The Palestinian Press Agency, based in East Jerusalem, said the inciden-
ts involving the Israeli settlers took place at the al-Faruk School in Nablus
and a school in Yatta near Hebron.
The press service said Jewish settlers burst into the two schools and fired
shots above students' heads before abducting two of the youths.
An Israeli military spokesman said he had no information about the repor-
ted attack in Nablus. But he said passengers in an Israeli car that came un-
der a barrage of rocks in Yatta, fired in the air and "took two boys to the
police station." The spokesman said no one was hurt in the Yatta incident.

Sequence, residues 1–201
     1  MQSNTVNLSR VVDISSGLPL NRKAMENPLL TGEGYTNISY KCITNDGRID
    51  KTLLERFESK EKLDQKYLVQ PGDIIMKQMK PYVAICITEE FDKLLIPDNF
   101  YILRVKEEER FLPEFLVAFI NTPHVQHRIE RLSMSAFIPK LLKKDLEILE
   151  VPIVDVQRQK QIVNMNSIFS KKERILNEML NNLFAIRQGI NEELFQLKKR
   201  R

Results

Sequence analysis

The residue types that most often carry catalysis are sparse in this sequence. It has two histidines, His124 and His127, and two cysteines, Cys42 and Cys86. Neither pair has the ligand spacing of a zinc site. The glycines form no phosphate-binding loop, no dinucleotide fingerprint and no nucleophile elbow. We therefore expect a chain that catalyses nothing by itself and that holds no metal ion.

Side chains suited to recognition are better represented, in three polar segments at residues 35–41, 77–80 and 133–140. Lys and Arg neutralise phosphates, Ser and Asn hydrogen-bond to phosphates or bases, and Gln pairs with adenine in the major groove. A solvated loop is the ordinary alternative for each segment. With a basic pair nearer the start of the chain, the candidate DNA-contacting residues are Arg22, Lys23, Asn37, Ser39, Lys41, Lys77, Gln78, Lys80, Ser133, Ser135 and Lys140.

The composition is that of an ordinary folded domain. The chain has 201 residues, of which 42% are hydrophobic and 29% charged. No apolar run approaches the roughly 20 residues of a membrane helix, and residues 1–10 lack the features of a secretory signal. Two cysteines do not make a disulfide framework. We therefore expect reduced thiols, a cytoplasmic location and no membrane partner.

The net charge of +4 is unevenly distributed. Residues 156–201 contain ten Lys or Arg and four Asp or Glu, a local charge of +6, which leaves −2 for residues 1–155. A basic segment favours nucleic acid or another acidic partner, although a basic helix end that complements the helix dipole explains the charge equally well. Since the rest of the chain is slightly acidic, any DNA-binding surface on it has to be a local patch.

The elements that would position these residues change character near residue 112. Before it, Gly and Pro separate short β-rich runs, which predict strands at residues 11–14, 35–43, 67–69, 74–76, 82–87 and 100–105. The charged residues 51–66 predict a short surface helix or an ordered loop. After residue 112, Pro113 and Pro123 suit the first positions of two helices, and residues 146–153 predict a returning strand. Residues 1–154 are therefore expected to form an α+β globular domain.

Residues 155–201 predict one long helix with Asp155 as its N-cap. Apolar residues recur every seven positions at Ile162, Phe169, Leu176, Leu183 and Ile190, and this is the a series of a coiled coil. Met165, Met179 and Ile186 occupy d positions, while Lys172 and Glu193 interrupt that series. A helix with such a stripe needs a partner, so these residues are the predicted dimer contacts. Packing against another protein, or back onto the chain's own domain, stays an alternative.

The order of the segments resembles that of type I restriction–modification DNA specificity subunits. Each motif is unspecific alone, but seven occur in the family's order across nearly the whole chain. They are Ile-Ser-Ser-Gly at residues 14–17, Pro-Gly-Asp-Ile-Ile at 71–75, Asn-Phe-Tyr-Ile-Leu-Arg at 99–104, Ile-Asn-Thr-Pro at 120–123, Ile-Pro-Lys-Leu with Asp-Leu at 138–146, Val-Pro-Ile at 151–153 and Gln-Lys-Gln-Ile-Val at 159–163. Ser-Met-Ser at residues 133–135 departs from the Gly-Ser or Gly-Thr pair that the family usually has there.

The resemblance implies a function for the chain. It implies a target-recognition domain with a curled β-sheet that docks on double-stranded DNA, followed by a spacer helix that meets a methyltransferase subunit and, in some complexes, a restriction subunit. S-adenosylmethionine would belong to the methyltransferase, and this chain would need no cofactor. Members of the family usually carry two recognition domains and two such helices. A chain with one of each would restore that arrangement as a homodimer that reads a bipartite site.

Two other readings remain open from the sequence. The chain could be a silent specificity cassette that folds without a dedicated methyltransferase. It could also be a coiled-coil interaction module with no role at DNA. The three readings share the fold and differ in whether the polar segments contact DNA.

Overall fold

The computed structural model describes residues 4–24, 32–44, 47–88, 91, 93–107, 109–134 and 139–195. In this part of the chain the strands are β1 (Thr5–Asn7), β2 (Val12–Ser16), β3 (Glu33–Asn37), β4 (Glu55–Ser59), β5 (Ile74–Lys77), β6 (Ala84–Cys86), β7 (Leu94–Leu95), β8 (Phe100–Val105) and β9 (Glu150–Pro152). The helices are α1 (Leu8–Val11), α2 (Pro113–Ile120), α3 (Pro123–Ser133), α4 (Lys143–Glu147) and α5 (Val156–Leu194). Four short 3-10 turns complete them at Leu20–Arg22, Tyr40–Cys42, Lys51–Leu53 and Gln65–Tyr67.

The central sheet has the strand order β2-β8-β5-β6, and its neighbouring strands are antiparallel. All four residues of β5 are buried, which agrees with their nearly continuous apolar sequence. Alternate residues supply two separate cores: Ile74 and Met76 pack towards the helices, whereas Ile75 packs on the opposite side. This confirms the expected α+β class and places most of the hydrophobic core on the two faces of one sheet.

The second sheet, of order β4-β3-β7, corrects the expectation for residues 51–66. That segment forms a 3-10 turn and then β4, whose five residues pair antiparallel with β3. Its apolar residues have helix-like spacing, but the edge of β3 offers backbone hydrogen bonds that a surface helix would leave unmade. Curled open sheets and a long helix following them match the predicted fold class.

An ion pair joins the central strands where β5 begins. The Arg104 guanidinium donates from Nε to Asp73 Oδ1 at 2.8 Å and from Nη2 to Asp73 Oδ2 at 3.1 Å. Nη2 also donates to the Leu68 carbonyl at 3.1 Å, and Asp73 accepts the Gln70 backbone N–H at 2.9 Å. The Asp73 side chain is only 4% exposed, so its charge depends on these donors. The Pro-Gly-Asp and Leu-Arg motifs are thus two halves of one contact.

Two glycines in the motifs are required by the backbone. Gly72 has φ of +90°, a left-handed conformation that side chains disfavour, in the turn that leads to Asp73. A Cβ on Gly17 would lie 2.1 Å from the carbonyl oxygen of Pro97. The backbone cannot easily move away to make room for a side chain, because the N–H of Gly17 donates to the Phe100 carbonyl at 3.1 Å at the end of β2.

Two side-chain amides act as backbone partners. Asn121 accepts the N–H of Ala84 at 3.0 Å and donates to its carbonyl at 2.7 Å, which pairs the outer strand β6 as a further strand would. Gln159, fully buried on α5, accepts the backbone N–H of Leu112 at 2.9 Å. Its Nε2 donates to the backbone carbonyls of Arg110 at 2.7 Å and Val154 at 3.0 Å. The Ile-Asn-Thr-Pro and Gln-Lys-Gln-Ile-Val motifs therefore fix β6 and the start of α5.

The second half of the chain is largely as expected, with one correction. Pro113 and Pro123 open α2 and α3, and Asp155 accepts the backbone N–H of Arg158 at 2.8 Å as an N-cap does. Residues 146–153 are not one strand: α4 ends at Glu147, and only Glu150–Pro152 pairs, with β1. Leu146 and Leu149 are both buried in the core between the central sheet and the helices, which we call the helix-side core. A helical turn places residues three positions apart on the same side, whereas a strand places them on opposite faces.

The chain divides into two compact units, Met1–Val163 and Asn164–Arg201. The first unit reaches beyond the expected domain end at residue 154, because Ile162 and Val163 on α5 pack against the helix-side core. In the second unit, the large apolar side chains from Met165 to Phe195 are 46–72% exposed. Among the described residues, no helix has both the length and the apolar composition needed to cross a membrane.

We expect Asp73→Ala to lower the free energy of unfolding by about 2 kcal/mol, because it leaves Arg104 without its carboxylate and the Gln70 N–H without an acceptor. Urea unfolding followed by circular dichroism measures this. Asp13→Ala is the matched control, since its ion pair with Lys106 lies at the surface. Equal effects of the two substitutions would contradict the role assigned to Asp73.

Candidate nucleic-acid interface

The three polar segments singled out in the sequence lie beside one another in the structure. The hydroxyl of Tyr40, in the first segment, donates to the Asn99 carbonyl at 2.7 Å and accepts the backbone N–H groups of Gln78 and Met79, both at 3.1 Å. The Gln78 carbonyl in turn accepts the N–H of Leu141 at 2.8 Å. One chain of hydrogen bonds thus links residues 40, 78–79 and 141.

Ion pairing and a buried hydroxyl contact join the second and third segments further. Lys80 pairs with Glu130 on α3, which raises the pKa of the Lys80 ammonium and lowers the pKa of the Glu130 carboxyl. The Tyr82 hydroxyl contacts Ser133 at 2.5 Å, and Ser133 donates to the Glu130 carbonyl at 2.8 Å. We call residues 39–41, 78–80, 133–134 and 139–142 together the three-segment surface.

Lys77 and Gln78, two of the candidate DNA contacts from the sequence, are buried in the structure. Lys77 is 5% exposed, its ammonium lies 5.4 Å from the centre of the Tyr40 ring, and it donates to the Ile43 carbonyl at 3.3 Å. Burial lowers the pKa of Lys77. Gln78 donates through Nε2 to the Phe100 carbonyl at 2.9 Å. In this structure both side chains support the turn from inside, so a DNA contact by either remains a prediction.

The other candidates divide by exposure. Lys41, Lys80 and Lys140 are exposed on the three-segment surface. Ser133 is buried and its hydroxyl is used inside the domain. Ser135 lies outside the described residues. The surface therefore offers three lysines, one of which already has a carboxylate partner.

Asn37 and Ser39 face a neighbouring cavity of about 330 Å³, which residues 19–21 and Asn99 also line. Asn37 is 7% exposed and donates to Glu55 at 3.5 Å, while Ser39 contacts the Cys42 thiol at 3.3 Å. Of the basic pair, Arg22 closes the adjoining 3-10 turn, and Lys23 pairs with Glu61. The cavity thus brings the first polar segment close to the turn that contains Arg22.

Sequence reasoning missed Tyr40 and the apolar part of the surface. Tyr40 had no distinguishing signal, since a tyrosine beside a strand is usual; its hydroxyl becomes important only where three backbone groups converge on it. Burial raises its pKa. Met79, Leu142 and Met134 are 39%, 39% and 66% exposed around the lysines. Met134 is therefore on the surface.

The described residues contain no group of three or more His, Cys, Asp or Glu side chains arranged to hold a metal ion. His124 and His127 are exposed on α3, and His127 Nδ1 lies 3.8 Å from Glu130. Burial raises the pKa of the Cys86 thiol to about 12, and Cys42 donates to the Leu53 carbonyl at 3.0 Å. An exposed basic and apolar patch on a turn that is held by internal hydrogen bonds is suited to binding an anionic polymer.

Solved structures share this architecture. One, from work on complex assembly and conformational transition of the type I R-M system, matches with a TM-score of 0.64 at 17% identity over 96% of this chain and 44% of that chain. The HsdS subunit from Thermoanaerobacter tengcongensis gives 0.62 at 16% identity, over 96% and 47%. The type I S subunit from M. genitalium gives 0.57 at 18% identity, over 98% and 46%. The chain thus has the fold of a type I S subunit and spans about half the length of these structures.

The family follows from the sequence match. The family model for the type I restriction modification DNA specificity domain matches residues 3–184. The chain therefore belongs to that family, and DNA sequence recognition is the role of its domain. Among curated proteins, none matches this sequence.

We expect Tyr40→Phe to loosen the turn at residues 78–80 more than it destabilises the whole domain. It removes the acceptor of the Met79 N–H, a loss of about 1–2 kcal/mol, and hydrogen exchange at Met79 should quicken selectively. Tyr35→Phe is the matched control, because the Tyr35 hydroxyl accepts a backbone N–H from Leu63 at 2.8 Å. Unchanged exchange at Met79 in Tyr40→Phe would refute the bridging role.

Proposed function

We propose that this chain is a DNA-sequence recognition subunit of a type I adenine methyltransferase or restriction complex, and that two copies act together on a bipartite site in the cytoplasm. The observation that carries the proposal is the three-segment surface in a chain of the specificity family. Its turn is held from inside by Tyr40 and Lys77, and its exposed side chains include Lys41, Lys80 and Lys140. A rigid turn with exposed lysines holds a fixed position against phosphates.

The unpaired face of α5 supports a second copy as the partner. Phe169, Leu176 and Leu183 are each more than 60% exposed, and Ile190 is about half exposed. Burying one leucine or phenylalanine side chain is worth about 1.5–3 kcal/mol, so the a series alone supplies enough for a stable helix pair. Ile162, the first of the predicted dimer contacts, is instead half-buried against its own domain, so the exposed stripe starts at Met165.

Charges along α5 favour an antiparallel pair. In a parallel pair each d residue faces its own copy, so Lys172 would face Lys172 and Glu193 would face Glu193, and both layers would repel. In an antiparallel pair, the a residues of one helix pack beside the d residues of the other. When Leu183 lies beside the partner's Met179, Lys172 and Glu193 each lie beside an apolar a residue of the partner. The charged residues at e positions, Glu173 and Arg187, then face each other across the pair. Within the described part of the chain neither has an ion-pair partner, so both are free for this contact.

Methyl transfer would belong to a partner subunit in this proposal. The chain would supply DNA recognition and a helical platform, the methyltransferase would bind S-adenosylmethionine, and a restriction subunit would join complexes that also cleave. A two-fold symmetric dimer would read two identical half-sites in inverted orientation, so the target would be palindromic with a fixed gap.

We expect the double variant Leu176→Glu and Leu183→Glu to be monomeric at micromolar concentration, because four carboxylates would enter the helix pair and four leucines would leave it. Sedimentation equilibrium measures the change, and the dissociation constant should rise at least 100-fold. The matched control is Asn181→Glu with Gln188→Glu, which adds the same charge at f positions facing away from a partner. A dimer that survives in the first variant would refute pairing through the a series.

In Khalde, Lebanon, the Beirut government charged Israeli negotiators
with "intransigence" after the 19th round of U.S.-sponsored talks on the
withdrawal of foreign forces from Lebanon.
OPEC nears price accord
PARIS-The most powerful member of the Organization of Petroleum
Exporting Countries and the 13-nation cartel's mediator indicated yesterday
that an agreement may be near on lower oil prices they hope will stave off a
costly price war.
"The solution is imminent," said Sheik Ahmed Zaki Yamani, Saudi
Arabia's oil minister, in an interview in Riyadh with French television. "We
are on the verge of reaching an agreement on this subject."
The chief mediator in a week of long-distance negotiations, Venezuelan Oil
Minister Humberto Calderon Berti, also said it appeared an agreement oi
prices was in sight. He added that further talks among the oil producers
OPEC's official benchmark price of Arabian light crude of $34 a barrel